SV THURIYA – ABILASH TOMY – INDIA
I have been following two parallel projects to build a new Eric 32, the legendary Atkins design on which Suhaili was based, for some time. Dutchman Johan Vels was my contact for the project under construction in India, while my South African friend Colin Davis (a man who knows all about circumnavigating with a Windpilot) opened communications with Hamburg on behalf of his friend Mike Smith in Australia.
Both of these new build projects, undertaken without the support of international sponsors, were only possible thanks to the extraordinary idealism and diligence of the people involved (Mike Smith, it should be noted, withdrew from the provisional GGR start list very early on to concentrate on his project free from external time and financial pressure). I should also mention that Abilash Tomy’s decision to build his boat in India was not just a matter of convenience: Robin Knox-Johnston’s Suhaili was herself constructed in Bombay.
Johan and I discussed any number of details as the build progressed and at the end of May 2018 we joined Abilash Tomy and his manager, friend and fellow circumnavigator Dilip Donde aboard Thuriya in Medemblik to unite it with its sails. The boat travelled as deck cargo from India to Holland, where the finishing touches were applied with Johan’s help and supervision. My respect – my admiration – for this project knows no bounds: it is simply astonishing what has been achieved.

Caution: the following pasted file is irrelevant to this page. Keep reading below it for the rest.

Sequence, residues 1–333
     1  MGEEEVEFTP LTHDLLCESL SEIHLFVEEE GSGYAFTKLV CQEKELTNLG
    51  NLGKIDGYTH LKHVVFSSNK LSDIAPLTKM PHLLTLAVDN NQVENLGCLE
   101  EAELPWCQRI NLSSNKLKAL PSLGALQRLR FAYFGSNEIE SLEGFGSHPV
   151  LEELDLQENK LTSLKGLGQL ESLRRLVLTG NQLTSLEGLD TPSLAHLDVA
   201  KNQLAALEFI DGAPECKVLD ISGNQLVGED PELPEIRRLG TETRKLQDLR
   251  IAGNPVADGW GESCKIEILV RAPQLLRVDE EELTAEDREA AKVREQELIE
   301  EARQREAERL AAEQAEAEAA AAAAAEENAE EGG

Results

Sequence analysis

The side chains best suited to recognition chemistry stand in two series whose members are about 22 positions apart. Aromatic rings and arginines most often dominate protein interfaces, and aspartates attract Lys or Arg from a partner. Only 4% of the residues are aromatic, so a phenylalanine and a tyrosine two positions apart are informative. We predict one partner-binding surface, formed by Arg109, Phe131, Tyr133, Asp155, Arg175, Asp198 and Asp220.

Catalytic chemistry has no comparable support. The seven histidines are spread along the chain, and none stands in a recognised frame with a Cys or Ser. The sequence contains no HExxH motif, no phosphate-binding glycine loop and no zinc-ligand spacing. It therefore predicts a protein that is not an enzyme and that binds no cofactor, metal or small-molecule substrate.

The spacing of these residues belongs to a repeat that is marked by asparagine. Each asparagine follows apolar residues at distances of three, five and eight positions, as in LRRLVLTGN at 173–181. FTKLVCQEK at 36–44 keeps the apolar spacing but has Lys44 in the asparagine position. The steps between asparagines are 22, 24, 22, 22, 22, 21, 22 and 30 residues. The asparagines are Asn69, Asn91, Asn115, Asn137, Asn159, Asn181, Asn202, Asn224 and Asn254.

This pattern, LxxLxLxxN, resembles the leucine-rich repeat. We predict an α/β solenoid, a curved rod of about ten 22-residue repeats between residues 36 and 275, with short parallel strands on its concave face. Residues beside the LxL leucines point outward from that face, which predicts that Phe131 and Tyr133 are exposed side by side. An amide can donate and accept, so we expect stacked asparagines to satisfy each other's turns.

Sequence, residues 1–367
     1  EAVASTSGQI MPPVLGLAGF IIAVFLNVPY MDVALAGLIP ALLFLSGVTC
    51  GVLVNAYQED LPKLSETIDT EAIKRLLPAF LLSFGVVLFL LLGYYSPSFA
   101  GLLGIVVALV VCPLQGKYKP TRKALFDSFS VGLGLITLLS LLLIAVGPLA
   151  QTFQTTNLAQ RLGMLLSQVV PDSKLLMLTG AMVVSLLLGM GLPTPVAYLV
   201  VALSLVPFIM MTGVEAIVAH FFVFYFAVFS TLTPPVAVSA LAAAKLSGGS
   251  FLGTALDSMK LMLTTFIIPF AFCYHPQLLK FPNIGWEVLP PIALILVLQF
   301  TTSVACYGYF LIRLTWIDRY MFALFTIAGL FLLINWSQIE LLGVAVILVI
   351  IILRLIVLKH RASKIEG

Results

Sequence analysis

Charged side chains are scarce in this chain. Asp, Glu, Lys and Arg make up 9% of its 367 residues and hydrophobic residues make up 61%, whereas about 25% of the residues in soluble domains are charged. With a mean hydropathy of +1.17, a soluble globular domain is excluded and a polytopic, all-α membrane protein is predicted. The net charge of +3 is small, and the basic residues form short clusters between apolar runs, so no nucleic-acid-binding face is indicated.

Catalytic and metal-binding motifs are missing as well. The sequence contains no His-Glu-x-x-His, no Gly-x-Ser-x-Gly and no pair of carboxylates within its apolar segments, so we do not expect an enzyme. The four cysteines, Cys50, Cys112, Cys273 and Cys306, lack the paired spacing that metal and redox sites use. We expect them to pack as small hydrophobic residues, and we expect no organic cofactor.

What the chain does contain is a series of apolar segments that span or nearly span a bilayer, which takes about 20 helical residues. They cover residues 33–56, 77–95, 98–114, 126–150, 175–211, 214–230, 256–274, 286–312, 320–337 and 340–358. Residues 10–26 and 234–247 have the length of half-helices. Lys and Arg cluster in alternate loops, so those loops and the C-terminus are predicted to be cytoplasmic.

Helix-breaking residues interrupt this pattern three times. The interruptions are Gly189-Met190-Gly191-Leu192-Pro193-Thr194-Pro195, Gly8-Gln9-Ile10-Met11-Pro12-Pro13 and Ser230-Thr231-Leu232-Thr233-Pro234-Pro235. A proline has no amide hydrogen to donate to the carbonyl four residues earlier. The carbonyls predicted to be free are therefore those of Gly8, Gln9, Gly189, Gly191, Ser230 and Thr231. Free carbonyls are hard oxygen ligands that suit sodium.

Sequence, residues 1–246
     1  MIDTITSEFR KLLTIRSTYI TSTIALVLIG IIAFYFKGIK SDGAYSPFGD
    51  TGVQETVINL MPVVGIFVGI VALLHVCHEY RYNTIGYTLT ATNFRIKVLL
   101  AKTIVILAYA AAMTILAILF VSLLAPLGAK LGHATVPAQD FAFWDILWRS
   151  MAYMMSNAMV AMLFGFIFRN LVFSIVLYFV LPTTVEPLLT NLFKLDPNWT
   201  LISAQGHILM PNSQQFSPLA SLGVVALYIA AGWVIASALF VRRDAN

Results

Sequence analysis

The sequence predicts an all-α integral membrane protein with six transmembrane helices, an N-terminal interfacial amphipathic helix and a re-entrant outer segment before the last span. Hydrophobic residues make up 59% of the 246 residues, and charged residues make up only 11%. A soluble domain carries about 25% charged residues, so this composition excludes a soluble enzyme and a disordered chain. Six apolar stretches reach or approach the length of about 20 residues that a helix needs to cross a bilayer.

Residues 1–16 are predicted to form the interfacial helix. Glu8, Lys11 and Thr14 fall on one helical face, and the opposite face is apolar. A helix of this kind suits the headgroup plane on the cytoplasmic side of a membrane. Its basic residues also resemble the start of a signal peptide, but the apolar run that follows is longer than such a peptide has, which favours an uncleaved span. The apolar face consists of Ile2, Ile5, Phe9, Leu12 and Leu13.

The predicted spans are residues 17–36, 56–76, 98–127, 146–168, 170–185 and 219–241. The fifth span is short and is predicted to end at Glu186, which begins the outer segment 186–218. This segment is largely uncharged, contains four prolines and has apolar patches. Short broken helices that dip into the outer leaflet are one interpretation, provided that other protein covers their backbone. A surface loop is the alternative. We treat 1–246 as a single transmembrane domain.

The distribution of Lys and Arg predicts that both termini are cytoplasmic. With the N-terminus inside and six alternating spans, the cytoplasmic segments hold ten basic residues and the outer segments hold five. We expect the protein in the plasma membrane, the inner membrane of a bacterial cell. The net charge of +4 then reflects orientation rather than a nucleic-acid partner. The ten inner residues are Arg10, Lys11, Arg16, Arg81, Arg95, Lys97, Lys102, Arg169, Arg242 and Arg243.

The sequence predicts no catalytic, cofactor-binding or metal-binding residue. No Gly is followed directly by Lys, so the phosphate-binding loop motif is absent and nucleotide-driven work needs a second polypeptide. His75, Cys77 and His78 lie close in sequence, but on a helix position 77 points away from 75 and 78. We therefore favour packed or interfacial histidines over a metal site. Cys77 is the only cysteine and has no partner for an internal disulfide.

A CRAZY IDEA – IN A CRAZY SETTING – WITH CRAZY FRIENDS
Johan Vels beschreibt sein Input zu diesem Projekt mit eigenen Worten:
I am hooked to the Indian scenery for more than 10 years. Started with the project of Mhadei, the first Indian boat Dilip ( Donde ) made his circumnavigation. I was “forced” by the navy as supervisor because the design of Mhadei was V.d. Stadt (they recommended me for that)
Ratnakar the Yard owner and Dilip became friends, the Yard hired me for other projects nearly every year than. The Yard grow from a tiny shed on the river Mandovi to a big yard with more than 100 employees.
The GGR project started with an Indian private sponsor of Abhilash. After the sponsor quitted, I worked without sending Bills. ( I transformed the whole concept of Suhaili to wood/epoxy etc.). So finally, 90 % of my input was unpaid because I was involved by a crazy Idea in a crazy setting with crazy friends …